The 6th Amendment to the Constitution guarantees you the right to an attorney and a speedy trial, but this is concerning Criminal prosecutions…NOT divorce.
In divorce cases and most Family Law cases you do NOT have the right to a court appointed attorney.
The exception, Termination of Parental Rights cases, is only after a showing of financial inability.
The other time there’s a Court-Appointed Attorney, a Guardian Ad Litem, the parties still typically have to pay for that person from their own pockets and they represent the child, or more often are an investigative arm of the Court.
Do you need an attorney? Yes. Will the Court give you one? Probably not.
Matthew Thompson is a Family Law attorney in Mississippi.
Q: Is this a true and accurate copy?
A: No. I don’t know whose writing this is…I don’t know what those circles mean…
Attorney: Objection. It’s obviously not a true copy, as the original does not have writing and circles on it.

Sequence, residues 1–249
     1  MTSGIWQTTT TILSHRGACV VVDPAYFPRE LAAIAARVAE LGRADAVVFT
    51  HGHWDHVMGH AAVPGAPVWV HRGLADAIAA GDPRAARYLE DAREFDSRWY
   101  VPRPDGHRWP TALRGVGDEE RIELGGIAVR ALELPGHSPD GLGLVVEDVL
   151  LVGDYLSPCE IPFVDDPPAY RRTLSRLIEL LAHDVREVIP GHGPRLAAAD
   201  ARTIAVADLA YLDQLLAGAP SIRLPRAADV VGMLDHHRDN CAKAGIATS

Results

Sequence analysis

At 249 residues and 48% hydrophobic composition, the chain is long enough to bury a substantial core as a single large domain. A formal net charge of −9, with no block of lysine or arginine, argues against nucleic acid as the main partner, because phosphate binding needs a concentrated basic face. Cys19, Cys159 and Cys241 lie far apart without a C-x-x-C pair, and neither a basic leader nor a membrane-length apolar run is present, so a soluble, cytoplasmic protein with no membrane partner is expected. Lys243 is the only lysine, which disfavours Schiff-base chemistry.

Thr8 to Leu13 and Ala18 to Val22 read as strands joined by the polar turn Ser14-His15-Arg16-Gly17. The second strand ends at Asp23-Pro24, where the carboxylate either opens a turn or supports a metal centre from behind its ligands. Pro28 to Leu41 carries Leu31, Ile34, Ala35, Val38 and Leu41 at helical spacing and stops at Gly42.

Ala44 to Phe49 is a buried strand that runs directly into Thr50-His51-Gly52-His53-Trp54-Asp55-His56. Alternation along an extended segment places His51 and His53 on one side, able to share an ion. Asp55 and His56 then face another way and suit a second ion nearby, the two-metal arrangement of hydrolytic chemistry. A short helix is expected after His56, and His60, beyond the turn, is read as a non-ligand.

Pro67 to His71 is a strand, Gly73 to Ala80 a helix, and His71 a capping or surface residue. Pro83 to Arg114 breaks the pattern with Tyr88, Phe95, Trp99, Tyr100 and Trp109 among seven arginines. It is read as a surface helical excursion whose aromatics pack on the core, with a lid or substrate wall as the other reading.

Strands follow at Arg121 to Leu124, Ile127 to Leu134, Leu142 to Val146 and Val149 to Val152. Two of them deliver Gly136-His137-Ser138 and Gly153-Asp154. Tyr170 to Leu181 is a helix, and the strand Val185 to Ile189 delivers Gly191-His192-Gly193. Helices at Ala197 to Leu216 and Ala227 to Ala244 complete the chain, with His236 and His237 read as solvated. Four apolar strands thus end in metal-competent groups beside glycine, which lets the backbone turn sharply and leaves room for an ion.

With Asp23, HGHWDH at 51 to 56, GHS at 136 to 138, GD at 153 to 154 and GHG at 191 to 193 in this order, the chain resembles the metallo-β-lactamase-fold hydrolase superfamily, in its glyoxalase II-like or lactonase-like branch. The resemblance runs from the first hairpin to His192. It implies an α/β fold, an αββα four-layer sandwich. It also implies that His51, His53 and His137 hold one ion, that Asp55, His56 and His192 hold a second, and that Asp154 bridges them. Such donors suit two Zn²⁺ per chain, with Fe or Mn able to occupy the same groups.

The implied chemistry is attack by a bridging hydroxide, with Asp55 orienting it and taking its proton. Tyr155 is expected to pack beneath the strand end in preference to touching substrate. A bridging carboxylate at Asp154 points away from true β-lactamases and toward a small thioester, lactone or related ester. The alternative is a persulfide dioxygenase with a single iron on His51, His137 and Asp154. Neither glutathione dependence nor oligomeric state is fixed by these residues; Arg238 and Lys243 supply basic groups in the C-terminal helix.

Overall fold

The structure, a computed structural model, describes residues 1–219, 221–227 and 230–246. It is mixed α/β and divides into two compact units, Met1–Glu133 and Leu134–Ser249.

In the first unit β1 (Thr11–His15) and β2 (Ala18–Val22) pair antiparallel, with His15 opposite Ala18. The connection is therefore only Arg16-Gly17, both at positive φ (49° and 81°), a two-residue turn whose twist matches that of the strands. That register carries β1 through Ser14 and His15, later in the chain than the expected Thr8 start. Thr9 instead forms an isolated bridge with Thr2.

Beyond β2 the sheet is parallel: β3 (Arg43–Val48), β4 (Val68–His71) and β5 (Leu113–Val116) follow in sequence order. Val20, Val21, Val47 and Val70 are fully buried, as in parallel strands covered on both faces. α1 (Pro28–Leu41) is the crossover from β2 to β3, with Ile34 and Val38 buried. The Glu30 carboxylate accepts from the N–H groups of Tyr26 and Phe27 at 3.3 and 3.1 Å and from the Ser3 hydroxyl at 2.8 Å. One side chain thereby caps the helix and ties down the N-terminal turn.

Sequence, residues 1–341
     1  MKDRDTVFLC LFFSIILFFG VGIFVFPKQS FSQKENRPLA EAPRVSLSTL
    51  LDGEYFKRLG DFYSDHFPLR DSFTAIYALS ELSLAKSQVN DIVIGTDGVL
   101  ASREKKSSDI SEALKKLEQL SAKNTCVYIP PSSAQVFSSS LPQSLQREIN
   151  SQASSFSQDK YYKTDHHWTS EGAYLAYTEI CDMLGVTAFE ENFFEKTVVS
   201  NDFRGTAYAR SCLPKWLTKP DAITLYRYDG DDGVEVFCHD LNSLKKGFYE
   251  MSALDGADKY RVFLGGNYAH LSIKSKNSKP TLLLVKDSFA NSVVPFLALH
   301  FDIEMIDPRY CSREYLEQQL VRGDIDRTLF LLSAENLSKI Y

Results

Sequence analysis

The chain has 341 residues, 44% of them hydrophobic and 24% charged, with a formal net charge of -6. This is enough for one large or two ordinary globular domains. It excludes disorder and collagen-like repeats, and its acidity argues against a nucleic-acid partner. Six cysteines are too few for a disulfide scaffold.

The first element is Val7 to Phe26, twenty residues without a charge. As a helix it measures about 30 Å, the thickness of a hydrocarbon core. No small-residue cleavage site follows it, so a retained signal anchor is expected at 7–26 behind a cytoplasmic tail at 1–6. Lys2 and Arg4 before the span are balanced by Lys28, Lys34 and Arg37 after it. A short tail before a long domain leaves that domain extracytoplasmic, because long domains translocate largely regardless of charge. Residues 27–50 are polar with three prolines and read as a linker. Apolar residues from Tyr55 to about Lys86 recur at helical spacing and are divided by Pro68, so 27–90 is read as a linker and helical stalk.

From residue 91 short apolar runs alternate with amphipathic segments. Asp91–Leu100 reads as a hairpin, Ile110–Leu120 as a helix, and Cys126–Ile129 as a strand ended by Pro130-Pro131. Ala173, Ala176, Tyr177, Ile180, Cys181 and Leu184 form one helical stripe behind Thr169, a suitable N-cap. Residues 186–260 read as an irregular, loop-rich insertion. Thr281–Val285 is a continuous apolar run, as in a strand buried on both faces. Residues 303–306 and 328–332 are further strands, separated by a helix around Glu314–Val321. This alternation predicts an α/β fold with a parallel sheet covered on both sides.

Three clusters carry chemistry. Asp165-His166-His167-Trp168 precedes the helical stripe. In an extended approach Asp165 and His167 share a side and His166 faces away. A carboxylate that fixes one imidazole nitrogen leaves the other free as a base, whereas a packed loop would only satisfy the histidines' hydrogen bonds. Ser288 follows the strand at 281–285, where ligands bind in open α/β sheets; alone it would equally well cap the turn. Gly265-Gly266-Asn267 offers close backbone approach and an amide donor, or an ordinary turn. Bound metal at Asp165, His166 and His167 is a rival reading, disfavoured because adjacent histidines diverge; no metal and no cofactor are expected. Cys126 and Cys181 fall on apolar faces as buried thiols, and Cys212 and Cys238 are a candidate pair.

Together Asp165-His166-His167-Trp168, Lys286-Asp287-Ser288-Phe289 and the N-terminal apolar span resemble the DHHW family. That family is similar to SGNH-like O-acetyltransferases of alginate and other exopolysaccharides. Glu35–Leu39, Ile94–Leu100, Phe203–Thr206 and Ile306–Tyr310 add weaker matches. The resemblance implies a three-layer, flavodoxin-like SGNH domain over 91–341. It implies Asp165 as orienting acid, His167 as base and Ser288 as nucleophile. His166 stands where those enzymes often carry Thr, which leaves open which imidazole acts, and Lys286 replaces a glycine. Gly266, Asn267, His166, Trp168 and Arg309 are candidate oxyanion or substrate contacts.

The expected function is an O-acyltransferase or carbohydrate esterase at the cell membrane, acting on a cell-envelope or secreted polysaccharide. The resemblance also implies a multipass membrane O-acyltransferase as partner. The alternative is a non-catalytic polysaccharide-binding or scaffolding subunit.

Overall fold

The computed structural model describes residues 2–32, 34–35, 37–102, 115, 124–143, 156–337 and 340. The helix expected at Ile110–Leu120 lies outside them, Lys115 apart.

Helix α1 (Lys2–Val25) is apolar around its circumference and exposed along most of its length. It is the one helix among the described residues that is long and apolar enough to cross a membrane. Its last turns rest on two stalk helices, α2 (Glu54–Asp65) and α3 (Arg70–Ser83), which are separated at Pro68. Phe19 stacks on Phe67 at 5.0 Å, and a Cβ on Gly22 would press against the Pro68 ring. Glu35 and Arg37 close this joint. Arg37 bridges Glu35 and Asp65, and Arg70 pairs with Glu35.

Court rules can be tediously picky. If something isn’t phrased the right way, authenticated sufficiently, or previously produced, if requested, you may not be able to use it. This is true even if it is something important, reliable and tangible to the issues before the Court. This is just one reason why Court is so frustrating.
I had a case where the witness highlighted certain portions of an email. When the time came to testify about the email, the other party pretended to not recognize it, nor remember it. He wasn’t sure if he used that email address at that time. He certainly knew he didn’t highlight it and wasn’t sure he had seen it before. It was a dance of avoiding the obvious.
Ultimately, the email came in when the sponsoring party testified and I believe the other party lost credibility in feigning ignorance, however it was a good lesson on the rules/tricks of Court.
Matthew Thompson is a Family Law attorney in Mississippi and encourages you to practice, with your attorney, your testimony and how to authenticate an exhibit and get it into evidence.